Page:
- Improper lighting (I agree with this one completely.)
- Floating rugs.
- Too many colors/patterns (I generally agree here, but then again “too many” is a relative term. I tend to be pretty conservative.)
- Furniture that doesn’t fit
- Following fads (I agree here…except sometimes you don’t know something is considered a fad until the rest of the decorating world moves on to something else and says your style is “out” now.)
- Everything matches (Generally agree here — I like a little variety rather than having everything the exact same color and pattern.)
- Lack of traffic pattern. (Definitely! Rooms that are hard to get around in are just uncomfortable in every way.)
- Uncomfortable dining room chairs.
- Too formal (It does need to be livable.)
- Keeping something you hate.
- Lopsided furnishings.
- Outdated accessories (This is a hard one to pin down — what looks outdated to one person might look retro or vintage to someone else. And it is VERY expensive to replace things like kitchen cabinets just to get a newer look.)
- Out-of-Place Themes (Rhoda’s list just said “Themes,” which I do like to some extent, but the HGTV site listed “Out of Place Themes” like a beach-style room in Alaska. That makes sense.)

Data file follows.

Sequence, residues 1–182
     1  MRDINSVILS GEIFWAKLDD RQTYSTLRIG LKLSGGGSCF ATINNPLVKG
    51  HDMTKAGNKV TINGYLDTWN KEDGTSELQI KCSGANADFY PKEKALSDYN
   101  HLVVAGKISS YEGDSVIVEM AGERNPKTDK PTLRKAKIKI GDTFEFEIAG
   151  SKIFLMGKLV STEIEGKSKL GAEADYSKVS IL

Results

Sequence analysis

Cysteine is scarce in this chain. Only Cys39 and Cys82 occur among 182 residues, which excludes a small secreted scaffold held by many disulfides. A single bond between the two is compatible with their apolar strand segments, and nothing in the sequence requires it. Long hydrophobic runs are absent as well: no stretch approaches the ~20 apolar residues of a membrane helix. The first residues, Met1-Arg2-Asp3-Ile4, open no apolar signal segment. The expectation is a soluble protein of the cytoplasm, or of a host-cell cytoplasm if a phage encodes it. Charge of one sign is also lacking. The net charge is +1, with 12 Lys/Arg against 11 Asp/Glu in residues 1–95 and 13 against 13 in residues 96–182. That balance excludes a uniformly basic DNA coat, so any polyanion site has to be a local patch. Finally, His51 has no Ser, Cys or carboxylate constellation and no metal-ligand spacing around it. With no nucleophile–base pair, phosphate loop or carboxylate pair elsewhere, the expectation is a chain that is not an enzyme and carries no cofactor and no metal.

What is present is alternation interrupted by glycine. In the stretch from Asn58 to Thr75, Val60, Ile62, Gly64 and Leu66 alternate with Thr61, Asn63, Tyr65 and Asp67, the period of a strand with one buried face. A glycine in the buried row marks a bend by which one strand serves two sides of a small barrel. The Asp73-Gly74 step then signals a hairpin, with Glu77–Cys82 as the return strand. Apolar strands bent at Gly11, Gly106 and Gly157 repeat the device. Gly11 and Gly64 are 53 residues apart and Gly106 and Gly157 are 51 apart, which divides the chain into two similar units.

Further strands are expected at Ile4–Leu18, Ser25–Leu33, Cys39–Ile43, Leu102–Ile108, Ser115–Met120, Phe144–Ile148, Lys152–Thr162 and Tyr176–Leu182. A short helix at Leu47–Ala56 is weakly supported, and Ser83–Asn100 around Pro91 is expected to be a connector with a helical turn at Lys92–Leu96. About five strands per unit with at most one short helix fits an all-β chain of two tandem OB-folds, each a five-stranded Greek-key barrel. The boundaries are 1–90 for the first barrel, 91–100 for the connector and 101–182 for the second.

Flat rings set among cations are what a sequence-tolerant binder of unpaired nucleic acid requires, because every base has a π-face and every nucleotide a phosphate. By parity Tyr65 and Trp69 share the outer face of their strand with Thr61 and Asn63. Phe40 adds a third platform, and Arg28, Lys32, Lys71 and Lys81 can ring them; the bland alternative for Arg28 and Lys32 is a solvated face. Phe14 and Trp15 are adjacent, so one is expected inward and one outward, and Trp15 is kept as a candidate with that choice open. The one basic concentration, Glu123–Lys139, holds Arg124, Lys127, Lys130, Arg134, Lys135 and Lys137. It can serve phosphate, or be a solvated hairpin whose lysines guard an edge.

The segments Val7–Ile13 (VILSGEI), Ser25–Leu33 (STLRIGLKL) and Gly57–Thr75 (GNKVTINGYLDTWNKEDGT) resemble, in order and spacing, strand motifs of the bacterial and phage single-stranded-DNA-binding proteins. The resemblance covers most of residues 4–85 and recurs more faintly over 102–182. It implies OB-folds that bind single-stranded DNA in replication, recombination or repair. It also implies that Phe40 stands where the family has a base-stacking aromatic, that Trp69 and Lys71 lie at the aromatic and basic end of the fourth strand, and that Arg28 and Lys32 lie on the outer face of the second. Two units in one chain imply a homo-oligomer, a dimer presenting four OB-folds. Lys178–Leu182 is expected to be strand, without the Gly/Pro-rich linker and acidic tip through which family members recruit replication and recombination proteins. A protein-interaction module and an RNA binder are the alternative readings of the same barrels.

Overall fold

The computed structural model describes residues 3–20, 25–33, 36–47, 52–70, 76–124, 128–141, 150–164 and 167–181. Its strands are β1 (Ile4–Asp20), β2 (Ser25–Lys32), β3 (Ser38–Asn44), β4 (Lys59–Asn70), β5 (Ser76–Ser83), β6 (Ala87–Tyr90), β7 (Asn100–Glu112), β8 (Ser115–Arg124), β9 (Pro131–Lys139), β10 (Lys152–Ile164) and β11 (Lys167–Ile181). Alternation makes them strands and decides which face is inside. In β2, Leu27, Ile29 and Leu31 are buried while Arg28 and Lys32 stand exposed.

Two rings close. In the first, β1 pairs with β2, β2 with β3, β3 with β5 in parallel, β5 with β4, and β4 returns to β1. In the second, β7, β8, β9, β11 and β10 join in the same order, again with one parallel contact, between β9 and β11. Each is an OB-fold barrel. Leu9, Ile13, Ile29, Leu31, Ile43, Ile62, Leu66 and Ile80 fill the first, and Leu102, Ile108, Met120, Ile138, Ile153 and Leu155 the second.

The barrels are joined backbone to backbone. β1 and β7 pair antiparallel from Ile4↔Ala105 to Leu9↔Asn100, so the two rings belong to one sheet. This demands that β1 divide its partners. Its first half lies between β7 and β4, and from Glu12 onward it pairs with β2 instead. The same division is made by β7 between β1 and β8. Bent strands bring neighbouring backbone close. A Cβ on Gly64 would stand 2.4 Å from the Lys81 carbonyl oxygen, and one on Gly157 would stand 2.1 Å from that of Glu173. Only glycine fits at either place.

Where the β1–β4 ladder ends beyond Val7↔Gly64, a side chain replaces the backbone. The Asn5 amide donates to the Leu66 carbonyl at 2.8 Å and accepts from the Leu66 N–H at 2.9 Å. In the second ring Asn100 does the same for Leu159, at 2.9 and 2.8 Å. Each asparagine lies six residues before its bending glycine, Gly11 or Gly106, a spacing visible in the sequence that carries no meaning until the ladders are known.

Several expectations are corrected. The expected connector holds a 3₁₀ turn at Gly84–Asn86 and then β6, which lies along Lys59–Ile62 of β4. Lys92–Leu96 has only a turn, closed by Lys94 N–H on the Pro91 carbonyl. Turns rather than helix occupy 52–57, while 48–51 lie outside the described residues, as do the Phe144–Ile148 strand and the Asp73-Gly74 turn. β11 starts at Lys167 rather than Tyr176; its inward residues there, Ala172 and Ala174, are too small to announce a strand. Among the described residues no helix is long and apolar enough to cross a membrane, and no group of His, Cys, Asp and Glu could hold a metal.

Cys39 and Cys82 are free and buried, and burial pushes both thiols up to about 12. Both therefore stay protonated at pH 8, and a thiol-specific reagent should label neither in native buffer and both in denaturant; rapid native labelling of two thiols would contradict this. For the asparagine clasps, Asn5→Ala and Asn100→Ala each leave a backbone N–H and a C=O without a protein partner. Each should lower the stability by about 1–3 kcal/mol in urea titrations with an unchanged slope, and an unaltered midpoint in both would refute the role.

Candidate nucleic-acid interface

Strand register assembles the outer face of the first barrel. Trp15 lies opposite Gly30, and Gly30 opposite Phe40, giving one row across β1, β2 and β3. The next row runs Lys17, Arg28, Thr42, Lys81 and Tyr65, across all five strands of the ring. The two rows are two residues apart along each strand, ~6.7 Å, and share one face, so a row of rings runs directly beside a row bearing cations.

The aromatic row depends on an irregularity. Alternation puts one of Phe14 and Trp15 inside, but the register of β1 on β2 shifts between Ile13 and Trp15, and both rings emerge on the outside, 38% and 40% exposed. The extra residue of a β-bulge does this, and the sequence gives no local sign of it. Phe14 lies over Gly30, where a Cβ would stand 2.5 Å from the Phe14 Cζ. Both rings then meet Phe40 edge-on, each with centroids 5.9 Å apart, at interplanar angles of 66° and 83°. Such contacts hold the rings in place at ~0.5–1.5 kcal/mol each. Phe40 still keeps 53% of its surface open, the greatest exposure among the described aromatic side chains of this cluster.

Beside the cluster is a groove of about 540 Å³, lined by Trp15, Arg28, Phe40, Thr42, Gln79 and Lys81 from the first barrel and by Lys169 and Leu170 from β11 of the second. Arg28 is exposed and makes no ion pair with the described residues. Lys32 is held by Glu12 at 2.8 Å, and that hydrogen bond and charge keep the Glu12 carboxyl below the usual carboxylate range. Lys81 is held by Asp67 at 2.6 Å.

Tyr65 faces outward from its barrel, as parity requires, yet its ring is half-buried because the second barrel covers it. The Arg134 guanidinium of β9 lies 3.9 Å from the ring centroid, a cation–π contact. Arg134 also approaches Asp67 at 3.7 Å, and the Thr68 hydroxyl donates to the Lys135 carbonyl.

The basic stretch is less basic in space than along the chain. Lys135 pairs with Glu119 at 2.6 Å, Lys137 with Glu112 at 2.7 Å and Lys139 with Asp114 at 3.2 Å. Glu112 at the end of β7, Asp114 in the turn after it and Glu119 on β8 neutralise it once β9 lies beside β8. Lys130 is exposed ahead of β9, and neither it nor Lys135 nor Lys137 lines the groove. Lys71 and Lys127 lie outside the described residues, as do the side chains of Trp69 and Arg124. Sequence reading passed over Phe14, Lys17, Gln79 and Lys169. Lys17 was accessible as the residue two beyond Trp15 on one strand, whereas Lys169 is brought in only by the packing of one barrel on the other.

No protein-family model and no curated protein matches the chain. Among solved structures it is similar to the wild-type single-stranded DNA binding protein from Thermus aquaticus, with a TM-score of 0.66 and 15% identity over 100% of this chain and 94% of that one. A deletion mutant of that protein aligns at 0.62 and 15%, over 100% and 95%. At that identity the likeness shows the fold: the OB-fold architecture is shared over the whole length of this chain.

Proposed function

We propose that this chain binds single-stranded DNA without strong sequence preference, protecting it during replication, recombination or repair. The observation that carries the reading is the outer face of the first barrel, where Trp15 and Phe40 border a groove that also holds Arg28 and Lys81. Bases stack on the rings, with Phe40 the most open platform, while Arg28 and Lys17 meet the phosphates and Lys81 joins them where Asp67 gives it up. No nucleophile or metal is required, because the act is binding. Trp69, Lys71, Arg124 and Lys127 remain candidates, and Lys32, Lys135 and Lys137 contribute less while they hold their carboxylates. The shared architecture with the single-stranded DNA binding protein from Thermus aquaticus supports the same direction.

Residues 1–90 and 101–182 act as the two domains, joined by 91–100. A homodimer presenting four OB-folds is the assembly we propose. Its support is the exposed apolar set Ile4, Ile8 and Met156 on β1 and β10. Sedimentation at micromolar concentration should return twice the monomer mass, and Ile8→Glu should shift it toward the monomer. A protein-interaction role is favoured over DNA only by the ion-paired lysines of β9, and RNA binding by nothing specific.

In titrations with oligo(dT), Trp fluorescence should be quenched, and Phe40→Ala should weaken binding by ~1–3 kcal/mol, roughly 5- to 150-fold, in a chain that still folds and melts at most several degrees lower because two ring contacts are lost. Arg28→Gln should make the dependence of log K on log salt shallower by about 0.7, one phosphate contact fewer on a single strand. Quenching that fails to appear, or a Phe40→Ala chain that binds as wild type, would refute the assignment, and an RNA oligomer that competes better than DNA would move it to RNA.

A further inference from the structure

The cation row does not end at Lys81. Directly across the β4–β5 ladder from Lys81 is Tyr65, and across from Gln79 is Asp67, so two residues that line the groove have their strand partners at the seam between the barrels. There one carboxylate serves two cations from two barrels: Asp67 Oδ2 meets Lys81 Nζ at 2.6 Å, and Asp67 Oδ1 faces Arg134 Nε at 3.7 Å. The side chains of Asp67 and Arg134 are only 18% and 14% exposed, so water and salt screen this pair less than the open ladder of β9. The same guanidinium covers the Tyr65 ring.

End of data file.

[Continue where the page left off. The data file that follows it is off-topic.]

- Undressed cables. (True. Love technology but hate the abundance of wires and cables.)
- Ignoring the foyer. (That first impression does set the tone for how your house comes across to other people.)
- Too many family photos (This one bothered me until I read their reasoning. I think my reaction stemmed from a home economics teacher who looked down on the idea of using many family photos. True, you don’t want your home to look like a shrine, but on the other hand I love to see family photos in a family room or hallway. Having a lived-in, family-oriented home is more important to me than having a magazine-cover rooms.)
- Contoured Toilet rugs. (Well, they do keep my feet warm in the winter, and my feet aren’t where any yucky stuff would be [I live with all males — if you have any in your home you know what I mean. :)] And I would much rather toss the rug in the wash than have to mop the floor every day, which is what I’d feel I needed to do without a rug.
I have to admit after I read the designers’ comments in context on the HGTV site, I didn’t feel quite as riled as I did when I first saw the list. 🙂 And I did see that the show is scheduled to air again November 2.
As a general rule I do enjoy decorating shows though I don’t watch them often. Sometimes I can be inspired by a lot of creative and helpful ideas: sometimes some of the specific things they do are immensely impractical for a real family to live with. I like to just glean what I like and what works for me without really worrying much about whether a designer would approve.